Siblings on campus share experiences

By Loren Rhoades, Assistant Features Editor 

Sibling relationships are of a different breed than most. Nine times out of 10, most siblings love and dislike each other all at the same time.

Having this type of relationship typically stems from the constant togetherness brought about during childhood. Constant togetherness that usually leads to brothers or sisters choosing their own path, but there are siblings who end up in the same place or university.

Students like senior digital media arts major Nick Dingus have experienced this for themselves. Dingus’s brother is a junior who followed in his footsteps and now attends OBU.

“It’s nice to family on campus, just in case you need them,” Dingus said.

Along with Dingus, there are many other students who have family with them at OBU as well.

Olivianna Calmes is a sophomore news and information major who has not one, but two siblings with her here on campus, who are both in the same class.

“It’s been the best thing for me to have them here,” Calmes said. “I wouldn’t change it for anything.”

Calmes said that having her siblings here hasn’t been at all like she had expected. She said she anticipated having different friends and not seeing them often, but it wound up being completely different.

“I didn’t know how the dynamic would go knowing that we all had different majors, but I actually spend time with them every week and it is great,” Calmes said.

Calmes isn’t the only person on campus who is happy to have a sibling or two alongside her.

Junior biochemistry major Anna Harmon is attending OBU with her twin sister and said she wouldn’t want it any other way.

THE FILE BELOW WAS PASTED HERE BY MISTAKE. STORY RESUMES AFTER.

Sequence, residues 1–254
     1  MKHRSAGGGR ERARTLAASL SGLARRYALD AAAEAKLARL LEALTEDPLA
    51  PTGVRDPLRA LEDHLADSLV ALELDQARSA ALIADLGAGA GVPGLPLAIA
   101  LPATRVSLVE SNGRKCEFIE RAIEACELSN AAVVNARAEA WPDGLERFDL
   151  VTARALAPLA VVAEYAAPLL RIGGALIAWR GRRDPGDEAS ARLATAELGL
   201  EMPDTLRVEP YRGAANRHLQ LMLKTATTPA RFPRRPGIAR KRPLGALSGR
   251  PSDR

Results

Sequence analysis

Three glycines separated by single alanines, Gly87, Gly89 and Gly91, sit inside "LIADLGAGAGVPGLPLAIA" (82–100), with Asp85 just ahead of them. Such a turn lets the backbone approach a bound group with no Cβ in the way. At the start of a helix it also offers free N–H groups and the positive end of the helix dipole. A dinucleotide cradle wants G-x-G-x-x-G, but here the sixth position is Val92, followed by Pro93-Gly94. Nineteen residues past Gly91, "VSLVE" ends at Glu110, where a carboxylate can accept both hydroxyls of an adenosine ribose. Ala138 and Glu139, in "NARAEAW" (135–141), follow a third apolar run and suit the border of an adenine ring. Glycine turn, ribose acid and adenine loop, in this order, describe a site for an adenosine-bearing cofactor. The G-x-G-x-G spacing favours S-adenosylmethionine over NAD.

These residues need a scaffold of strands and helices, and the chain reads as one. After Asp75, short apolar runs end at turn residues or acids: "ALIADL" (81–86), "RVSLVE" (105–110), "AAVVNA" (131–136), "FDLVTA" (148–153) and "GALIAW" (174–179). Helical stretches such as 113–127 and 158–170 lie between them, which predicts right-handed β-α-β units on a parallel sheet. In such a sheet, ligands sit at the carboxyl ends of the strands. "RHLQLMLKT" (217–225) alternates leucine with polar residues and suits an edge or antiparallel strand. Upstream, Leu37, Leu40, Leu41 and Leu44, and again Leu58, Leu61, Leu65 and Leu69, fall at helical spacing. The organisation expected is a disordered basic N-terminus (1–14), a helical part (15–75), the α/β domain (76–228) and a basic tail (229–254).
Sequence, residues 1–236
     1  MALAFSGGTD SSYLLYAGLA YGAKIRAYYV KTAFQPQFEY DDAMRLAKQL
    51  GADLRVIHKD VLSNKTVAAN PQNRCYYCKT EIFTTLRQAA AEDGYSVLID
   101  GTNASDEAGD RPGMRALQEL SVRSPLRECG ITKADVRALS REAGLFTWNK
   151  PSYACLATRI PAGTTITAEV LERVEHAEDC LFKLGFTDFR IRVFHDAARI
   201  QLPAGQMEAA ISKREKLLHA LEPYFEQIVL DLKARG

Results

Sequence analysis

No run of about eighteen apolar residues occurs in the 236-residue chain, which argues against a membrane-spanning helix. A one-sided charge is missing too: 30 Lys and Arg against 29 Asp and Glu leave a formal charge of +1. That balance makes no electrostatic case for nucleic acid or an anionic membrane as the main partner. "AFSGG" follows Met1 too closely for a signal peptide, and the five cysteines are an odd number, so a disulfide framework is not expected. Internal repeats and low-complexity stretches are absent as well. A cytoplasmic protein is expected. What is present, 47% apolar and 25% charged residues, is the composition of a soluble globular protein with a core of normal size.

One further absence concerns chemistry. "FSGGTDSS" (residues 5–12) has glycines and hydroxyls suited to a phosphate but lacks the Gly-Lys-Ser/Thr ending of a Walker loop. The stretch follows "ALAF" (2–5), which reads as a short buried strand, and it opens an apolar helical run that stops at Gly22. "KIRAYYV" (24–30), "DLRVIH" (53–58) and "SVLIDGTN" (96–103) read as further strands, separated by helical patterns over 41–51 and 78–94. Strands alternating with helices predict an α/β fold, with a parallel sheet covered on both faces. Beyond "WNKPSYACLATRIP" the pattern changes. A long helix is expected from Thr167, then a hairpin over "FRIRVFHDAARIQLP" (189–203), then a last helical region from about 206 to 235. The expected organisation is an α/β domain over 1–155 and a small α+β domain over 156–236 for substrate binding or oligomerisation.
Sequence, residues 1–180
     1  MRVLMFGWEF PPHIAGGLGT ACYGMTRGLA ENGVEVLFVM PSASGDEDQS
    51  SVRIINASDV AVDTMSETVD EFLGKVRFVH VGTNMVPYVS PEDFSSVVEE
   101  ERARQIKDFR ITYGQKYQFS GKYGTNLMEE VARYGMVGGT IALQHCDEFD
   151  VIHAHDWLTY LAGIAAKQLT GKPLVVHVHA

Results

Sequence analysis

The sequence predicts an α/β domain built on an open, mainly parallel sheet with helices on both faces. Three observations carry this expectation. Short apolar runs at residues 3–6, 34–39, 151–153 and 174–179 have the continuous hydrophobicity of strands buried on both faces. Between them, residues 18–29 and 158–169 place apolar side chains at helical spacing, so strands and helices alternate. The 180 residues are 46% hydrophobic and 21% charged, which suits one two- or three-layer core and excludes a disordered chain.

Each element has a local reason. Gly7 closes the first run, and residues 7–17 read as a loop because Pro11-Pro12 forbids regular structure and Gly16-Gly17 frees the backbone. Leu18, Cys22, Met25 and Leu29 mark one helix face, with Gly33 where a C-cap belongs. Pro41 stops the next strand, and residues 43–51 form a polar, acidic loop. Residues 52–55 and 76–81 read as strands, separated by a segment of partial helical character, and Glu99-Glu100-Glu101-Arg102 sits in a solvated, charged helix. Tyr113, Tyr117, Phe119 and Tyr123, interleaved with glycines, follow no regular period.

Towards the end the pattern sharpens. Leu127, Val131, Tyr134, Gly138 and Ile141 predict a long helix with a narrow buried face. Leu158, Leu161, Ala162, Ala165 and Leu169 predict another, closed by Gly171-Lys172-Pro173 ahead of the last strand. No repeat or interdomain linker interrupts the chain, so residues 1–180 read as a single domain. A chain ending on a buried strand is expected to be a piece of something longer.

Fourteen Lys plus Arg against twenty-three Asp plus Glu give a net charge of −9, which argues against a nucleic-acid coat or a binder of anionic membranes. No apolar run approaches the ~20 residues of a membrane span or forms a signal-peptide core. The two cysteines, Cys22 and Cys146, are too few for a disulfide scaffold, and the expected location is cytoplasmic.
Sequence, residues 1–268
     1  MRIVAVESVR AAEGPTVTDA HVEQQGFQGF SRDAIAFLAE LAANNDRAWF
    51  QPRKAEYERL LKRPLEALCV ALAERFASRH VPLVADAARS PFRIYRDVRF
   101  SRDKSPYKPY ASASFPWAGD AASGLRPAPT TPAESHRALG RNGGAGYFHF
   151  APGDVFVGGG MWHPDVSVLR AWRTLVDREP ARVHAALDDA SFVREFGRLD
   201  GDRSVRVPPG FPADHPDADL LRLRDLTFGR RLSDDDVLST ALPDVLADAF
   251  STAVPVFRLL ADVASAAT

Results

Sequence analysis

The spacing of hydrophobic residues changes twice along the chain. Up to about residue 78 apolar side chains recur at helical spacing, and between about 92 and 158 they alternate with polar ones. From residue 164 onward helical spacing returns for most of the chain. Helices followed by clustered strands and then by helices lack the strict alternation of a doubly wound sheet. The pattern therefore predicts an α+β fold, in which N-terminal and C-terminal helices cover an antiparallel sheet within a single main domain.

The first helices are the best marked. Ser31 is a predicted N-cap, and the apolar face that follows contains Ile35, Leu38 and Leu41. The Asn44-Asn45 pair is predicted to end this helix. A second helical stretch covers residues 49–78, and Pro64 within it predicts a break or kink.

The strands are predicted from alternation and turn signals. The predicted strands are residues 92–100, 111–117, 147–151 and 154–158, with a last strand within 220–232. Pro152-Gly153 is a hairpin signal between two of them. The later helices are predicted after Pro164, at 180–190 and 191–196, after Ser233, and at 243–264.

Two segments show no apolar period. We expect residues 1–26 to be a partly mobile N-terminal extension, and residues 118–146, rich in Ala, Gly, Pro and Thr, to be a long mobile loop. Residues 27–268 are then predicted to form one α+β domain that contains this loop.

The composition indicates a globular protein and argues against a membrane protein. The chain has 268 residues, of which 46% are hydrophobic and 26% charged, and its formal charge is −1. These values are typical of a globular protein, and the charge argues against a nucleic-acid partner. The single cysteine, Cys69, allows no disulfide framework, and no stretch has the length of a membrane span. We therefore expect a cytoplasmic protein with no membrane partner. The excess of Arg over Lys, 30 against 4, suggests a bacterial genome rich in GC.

“My sister and I are best friends and pretty much joined at the hip, and honestly I never really pictured going to college without her,” Harmon said.

Harmon said getting to experience college with her twin just adds to the special bond they already have together. Especially since they are similar majors and suitemates, so they see each other quite often.

Freshman communications major Julia Jolly also said it is nice to have a sibling here on campus with her. Jolly’s family is in Texas, so she said having someone here make her feel less homesick.

“Having a sibling on campus makes you feel a little more at home. When I miss my parents I will go give my brother a hug, or he will go take me out for coffee,” Jolly said.

Among the many things that can come from having family nearby, there is also the support system that comes from it.

“I am increasingly thankful for the support my brother gives me, and the support I can give to my sister,” Calmes said.

Having that sense of support is positive for all parties involved. Knowing there is always someone there to encourage can make life seem like it is going a little smoother.

“It’s a little more secure, you just have security in the fact that you always have someone there,” Jolly said.

Although there are many good things to having a sibling on campus, there are also downfalls, which include the ability to be an individual.

“We are constantly referenced together,” Jolly said, “and yes we are similar, but I kind of have to make my own name for myself.”

Along with the brother Jolly currently has on campus, she also has another brother who went to OBU. Because they are a well-known family, she said it is sometimes difficult to be as involved as they have been.

“My brothers have just been so awesome that sometimes I feel like I need to live up to that image,” Jolly said.

 

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